TOTENBERG: It was Kennedy's vote, for instance, that prevented the Court four conservatives, including Roberts and Alito, from essentially gutting the Clean Water Act, as it's been enforced for more than 30 years. It was Kennedy's vote that was pivotal in upholding most, but not all, the contested Texas redistricting. Kennedy also joined O'Connor and the Court's liberals in the first indication of skepticism about the Bush administration's assertion of Executive power, the administration's claim that it could in essence override Oregon's assisted suicide law, and in the Court's blockbuster Guantanamo case, Kennedy rejected almost every assertion of unilateral Executive power claimed by President Bush in setting up war crime trials outside the Code of Military Justice.
In this case, Kennedy joined every key portion of the opinion written by the Court's crafty elder statesman, Justice John Paul Stevens. Scholars across the political spectrum agreed on the importance of the decision.
Duke law Professor Walter Dellinger served in the Clinton administration.
Professor WALTER DELLINGER (Duke Law School): I think it's the single most important decision on limits on presidential power, ever, in the history of the Supreme Court.
TOTENBERG: Stanford law Professor Pam Carlin.
Professor PAM CARLIN (Professor of Law, Stanford Law School): Executive power took it in the chops this term.
TOTENBERG: Harvard law professor Charles Fried served in the Reagan administration.
Professor CHARLES FRIED (Professor of Law, Harvard Law School): They wanted to deliver a message to the President: you can't do this on your own.
TOTENBERG: Bruce Fein also served in the Reagan administration.
Mr. BRUCE FEIN (Former Deputy Attorney General, Reagan Administration): They're almost lecturing the President, saying you need to consult Congress on these matters, if you want to deviate from what the current law and treaty provisions provide.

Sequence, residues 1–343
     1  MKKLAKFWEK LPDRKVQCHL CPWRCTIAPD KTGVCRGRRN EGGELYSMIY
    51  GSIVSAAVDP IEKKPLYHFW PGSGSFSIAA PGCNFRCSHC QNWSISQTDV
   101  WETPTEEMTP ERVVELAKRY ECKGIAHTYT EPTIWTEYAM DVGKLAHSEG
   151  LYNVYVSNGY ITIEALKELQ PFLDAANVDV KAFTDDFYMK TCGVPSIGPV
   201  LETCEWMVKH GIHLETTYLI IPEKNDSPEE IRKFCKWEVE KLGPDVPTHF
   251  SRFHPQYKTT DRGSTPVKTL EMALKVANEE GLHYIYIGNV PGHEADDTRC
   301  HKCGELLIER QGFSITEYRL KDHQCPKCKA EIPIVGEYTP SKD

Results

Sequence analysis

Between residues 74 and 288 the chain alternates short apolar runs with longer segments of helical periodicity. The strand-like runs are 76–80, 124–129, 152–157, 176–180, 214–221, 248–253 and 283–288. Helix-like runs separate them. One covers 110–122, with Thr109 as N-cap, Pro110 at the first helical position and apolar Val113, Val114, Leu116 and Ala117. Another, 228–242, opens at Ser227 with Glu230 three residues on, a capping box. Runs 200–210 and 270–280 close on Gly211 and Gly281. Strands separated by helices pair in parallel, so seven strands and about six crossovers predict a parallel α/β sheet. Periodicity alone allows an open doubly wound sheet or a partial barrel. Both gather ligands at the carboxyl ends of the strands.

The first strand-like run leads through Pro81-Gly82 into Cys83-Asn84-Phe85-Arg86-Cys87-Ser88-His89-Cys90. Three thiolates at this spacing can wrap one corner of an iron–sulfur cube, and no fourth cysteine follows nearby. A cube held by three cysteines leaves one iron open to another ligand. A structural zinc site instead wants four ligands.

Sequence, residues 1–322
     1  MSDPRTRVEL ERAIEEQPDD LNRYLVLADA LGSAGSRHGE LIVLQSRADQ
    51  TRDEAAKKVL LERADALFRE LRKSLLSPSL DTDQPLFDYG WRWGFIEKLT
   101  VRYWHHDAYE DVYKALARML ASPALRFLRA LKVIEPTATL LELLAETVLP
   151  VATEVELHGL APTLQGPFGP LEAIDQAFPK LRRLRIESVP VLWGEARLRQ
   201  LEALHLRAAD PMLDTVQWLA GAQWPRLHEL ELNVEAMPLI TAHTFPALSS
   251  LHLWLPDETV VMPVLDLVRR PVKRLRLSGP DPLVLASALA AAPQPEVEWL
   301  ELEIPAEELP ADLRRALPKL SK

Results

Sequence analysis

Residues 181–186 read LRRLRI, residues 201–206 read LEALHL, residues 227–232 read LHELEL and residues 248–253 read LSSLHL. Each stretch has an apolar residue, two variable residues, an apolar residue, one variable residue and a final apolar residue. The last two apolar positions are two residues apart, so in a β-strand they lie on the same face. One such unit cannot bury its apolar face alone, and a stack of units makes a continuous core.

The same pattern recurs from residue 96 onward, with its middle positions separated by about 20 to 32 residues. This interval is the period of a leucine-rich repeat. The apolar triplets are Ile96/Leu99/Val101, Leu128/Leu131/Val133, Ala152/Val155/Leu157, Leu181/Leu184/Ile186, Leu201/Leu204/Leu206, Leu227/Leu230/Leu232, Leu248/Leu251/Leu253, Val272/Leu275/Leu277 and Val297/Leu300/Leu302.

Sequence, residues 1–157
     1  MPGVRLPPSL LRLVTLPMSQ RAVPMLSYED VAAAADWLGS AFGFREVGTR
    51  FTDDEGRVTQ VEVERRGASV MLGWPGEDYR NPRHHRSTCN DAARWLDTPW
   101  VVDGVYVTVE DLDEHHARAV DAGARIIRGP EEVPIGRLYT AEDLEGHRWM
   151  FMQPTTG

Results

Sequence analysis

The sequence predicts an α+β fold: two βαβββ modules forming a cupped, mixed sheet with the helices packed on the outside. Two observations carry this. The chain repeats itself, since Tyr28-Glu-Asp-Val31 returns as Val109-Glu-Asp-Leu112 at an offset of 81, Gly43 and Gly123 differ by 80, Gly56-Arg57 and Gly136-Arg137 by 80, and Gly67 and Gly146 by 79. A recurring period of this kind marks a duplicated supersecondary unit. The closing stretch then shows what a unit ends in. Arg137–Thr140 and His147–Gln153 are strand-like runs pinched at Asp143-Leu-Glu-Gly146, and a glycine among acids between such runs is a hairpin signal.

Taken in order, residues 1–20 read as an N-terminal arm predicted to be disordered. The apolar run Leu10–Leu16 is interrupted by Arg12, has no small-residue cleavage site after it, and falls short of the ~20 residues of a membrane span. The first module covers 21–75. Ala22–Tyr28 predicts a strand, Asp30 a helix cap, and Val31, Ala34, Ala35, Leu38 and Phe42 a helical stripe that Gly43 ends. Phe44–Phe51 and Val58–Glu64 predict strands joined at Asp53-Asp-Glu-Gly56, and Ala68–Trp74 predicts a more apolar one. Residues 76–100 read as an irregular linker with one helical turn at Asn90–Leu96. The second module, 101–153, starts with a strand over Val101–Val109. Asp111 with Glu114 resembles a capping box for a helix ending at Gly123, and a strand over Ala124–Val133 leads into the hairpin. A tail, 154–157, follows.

TOTENBERG: Yale's Professor Amar sees the decision as part of the ebb and flow of history.
Professor AMAR: The presidency had been at high tide, as of September 12, 2001. It had lost a lot of power after Watergate, after Vietnam, and George Bush was determined to get it back, to push vis-à-vis Congress, to push vis-à-vis the courts. And the courts hadn't pushed back until today.
TOTENBERG: Conservatives and liberals agree, too, that the Court's Guantanamo decision undercuts many other assertions of Executive power made by this President, from his claim that he's not bound by anti-torture laws to his NSA warrantless surveillance program. University of Chicago law Professor Cass Sunstein.
Professor CASS SUNSTEIN (Professor of Law, University of Chicago Law School): I do think that those of us who thought the President had a good chance, with the warrantless wiretapping - have to rethink the issue now, that the Court has really set its face against strong claims of Executive authority, and has demanded clear congressional authorization.
TOTENBERG: Next term, it's expected that Justice Kennedy will, once again, play a pivotal role in cases involving voluntary racial integration of schools, abortion, and federal regulation of the air. And this time, he may be on the other side.
Nina Totenberg, NPR News, Washington.
INSKEEP: You can find an interactive review of the Supreme Court session at npr.org.